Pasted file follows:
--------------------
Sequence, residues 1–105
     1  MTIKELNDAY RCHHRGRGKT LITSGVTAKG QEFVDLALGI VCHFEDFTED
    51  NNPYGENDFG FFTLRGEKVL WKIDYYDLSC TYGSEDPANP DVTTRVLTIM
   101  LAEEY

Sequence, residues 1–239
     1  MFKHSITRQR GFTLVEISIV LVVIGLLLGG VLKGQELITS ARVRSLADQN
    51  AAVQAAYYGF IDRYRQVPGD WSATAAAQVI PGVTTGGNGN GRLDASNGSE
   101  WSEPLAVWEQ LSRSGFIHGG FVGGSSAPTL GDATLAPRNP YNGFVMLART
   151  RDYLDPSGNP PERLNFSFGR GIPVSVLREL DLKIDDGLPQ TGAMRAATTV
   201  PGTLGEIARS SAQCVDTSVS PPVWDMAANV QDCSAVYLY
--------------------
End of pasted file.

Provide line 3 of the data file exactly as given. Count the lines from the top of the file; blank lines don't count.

    51  NNPYGENDFG FFTLRGEKVL WKIDYYDLSC TYGSEDPANP DVTTRVLTIM